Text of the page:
In 1928, Hans Blix was born in Uppsala, Sweden and attended the University of Uppsala. After graduating from Uppsala, he studied at Columbia University, where he was also a research graduate. Dr. Blix then earned his Ph. D. from Cambridge University in law. In 1959, Dr. Blix became Doctor of Laws at Stockholm University and in 1960 became an associate professor in International Law. In 1987 he received an honorary doctorate from Moscow State University and earned the Henry de Wolf Smyth Award in 1988.

In 1963, Dr. Blix worked as a part of Sweden's foreign ministry and became its head in 1978. He has worked in various offices as it deals with nuclear issues, including a campaign to encourage Sweden to retain its nuclear energy program.

Also in 1961, Dr. Blix started his career with the United Nations as a member of his country's delegation to the United Nations General Assembly. He served in this post until 1981. From 1962 to 1978, Dr. Blix was a part of the Swedish delegation to the Confrence on Disarmament in Geneva.

In 1981, Dr. Blix became the director general of the Internation Atomic Energy Agency. He served in this post until he retired in 1997. It was during this time period that Blix was first charged with taking a look at and enforcing a Security Council resolution against Iraq, UN Resolution 687. The IAEA was charged with the inspections of Iraq's nuclear program.

In January of 2000, he was named Executive Chairman of the United Nations Monitoring, Verification and Inspection Commission or UNMOVIC.

Information taken from and

In William Gibson's 1993 novel Virtual Light, Hans Blix is a character that appears briefly, but has an important role in the plot of the book. Hans Blix (which may be an alias), is a courier whose job is to carry a small object of great value. Along with his name, his citizenship is somewhat questionable: he is naturalized as a Costa Rican citizen, with Costa Rican citizenship in the world of Virtual Light being something like Panamanian Registry. Blix is a shadowy figure, whose sole job seems to be to guard a pair of futuristic sunglasses while attending billionaire Cody Harwood's never-ending party. He fails at this job, by the bad chance of offending one of the novel's protagonist, who steals the object he is supposed to be guarding. This leads to his punishment through a rather grisly execution.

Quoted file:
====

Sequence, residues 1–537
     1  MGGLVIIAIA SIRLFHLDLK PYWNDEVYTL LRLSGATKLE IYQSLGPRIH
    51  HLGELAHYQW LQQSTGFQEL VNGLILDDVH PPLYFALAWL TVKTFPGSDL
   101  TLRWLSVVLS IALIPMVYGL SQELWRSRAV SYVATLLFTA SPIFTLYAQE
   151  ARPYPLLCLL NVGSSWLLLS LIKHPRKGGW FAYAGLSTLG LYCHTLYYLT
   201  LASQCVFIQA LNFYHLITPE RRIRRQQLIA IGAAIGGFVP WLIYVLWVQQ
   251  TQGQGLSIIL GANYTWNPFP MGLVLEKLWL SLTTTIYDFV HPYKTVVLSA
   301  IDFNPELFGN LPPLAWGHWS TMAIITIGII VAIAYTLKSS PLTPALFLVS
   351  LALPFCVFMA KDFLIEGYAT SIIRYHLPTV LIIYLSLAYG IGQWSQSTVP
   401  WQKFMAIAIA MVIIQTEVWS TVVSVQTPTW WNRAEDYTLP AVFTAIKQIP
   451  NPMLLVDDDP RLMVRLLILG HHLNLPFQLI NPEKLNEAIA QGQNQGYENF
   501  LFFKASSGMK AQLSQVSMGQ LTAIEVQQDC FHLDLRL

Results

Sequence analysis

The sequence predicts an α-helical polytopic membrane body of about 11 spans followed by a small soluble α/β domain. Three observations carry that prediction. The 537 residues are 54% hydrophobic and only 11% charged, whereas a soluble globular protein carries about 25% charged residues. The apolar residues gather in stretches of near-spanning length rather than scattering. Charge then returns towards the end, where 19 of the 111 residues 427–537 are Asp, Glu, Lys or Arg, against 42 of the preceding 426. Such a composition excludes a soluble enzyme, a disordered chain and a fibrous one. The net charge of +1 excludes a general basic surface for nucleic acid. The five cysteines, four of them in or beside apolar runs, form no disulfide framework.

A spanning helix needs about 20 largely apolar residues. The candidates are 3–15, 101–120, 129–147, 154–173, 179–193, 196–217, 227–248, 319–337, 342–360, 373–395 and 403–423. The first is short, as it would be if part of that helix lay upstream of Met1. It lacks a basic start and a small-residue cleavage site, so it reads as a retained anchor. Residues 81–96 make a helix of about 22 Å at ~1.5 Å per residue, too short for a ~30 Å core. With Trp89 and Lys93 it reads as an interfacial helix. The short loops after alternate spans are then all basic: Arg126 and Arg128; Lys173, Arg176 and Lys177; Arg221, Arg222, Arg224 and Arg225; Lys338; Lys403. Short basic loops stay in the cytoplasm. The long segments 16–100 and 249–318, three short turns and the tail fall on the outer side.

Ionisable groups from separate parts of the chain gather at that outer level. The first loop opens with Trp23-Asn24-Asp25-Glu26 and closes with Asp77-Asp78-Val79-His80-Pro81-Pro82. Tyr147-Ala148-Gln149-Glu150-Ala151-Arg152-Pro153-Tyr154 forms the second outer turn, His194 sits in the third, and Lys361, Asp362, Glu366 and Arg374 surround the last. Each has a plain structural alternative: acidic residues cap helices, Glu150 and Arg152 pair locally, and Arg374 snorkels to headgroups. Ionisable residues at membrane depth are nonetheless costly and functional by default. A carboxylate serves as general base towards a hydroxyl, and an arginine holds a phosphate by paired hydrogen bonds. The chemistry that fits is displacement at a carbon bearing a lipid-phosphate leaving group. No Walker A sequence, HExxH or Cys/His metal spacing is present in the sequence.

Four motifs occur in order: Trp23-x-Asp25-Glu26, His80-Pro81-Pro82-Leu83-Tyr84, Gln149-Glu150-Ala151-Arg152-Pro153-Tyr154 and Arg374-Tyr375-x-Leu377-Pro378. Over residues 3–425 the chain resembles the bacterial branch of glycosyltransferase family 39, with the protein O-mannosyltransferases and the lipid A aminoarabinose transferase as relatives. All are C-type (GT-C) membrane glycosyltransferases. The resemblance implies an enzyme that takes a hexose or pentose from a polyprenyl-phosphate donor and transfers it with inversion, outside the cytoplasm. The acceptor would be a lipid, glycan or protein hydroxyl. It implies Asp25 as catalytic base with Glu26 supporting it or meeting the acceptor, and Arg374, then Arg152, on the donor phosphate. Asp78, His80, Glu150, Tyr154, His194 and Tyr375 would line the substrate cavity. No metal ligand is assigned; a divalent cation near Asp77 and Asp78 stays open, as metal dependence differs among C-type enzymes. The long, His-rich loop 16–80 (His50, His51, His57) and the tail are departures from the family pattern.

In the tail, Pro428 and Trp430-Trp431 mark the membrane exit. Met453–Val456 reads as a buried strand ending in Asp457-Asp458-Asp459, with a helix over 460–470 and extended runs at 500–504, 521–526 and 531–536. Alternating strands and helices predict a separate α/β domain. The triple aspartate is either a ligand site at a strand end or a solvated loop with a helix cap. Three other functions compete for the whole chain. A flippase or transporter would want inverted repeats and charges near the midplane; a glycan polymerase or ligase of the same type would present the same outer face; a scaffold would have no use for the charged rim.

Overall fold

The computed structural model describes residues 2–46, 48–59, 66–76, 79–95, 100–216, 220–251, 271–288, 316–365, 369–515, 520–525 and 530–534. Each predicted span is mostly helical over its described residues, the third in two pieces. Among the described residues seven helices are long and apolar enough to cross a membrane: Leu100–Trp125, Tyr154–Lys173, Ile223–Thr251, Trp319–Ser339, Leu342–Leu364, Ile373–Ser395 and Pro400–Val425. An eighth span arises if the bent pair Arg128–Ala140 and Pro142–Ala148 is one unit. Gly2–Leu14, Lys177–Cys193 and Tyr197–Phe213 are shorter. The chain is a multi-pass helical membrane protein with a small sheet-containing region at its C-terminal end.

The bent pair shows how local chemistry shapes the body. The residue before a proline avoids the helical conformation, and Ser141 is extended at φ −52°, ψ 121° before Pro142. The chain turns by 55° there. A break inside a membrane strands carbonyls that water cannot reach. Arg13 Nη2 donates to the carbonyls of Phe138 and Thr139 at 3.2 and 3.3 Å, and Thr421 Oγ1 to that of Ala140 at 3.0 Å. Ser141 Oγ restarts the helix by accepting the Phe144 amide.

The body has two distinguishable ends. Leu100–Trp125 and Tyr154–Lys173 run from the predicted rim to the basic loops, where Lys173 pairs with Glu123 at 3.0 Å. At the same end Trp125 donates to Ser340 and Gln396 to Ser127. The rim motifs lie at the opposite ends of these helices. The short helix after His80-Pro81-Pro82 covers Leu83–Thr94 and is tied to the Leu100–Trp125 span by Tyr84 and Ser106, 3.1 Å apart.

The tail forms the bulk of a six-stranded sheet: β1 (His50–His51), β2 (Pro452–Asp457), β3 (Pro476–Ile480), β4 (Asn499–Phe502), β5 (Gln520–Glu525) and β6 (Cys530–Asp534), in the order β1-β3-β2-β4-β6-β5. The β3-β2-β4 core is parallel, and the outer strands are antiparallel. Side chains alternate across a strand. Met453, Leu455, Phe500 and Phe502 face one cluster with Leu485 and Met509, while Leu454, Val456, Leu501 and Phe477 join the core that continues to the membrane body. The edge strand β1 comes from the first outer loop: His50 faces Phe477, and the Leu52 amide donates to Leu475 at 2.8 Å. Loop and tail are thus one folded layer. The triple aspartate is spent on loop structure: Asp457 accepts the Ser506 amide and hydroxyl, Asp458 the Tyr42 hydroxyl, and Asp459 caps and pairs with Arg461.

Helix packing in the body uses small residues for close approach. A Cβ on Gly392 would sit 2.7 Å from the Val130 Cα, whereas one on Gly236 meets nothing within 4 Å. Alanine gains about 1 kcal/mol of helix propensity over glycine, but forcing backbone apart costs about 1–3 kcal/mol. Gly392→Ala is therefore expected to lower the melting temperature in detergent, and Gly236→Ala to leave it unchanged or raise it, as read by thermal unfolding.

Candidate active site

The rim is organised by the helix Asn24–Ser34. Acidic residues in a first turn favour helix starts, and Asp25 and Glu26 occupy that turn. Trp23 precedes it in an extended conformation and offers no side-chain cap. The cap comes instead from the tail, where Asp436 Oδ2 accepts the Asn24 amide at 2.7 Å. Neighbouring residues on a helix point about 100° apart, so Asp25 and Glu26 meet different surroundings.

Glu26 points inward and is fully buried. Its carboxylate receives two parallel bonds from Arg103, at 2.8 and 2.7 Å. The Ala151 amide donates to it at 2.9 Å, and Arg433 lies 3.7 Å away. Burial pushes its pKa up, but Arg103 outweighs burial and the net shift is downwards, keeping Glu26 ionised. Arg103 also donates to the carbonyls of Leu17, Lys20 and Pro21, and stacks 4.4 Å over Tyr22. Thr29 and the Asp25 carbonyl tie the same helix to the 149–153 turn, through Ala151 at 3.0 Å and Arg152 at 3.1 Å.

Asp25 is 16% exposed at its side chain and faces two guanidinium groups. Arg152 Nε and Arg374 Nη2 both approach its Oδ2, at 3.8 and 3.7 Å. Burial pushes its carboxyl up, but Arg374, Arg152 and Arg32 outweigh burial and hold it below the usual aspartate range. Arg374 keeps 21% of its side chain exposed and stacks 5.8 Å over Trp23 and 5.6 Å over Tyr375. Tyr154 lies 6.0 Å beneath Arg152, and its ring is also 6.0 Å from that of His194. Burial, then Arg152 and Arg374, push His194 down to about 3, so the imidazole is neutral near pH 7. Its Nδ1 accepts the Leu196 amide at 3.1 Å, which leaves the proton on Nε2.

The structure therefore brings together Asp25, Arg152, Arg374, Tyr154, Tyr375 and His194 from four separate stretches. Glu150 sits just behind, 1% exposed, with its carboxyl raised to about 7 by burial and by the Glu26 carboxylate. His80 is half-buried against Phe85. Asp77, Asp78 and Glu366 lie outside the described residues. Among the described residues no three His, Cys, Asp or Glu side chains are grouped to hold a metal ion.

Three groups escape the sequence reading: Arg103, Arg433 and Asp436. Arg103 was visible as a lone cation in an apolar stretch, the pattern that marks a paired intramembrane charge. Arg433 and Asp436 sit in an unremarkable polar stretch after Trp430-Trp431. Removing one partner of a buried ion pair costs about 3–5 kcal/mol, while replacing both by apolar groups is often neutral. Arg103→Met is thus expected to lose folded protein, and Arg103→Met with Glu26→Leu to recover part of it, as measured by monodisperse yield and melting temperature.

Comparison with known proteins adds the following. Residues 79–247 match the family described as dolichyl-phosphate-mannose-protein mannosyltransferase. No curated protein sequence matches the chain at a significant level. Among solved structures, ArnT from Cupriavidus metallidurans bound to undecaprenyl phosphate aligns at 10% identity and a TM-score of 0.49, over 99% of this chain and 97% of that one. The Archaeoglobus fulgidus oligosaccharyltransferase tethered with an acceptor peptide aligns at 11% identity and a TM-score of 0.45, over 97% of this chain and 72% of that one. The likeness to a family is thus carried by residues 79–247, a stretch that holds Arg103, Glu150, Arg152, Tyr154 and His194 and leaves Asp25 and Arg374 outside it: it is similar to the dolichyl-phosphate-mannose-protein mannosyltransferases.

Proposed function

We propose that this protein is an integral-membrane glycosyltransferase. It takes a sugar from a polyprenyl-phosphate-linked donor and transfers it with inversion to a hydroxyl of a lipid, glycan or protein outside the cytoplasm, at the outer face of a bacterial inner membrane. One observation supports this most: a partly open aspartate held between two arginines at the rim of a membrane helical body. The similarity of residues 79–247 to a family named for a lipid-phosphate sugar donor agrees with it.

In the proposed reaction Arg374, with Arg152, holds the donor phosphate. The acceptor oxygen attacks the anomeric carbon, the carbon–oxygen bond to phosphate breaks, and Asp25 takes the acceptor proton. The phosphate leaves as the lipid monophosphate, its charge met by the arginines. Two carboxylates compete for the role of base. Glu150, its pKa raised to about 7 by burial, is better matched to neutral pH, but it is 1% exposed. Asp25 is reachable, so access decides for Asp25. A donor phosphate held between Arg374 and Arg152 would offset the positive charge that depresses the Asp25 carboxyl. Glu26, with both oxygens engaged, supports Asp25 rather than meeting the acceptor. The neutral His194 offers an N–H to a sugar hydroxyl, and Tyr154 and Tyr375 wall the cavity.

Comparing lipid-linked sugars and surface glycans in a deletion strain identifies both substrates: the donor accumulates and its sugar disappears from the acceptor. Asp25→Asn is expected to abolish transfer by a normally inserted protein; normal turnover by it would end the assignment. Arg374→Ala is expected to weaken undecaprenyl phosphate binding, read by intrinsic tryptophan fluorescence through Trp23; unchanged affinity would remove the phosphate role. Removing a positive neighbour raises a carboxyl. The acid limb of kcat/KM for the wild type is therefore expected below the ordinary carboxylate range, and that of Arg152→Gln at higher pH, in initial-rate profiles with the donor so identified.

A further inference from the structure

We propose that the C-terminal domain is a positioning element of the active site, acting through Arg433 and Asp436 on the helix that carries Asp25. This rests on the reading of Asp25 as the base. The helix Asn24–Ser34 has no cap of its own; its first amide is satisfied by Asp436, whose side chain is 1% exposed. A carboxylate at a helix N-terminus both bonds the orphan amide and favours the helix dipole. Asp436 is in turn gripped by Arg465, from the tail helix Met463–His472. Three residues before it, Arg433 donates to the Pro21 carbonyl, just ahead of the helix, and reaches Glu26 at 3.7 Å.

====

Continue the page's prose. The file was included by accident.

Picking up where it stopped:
All of the above is just a summary of what, being a Gibson novel, would have to be read to be appreciated. And none of it is really that important, except for one reason: Hans Blix, the minor character in a William Gibson novel, shares the name of the UN Weapon Inspector who would play a large role in world politics ten years after the writing and publishing of the book. "Hans Blix" is by no means a common name, so that while reading the book, the name is very jarring. Especially if the reader is reading a Gibson novel in the right mindset, which is the mild paranoia that this could all be happening. However, I can't think of any specific connection between the historical Blix and Gibson's Blix. In fact, Gibson's Blix is an objectionable person, while Gibson would probably not find the historical Blix so. The historical Blix was already a somewhat prominent figure at the time of Virtual Light's writing, so my best guess (other than it being a true coincidence) is that Gibson read his name in a news story, and then consciously or subconsciously worked it into the book. That Blix would later become a key player in a historical event was merely a coincidence.

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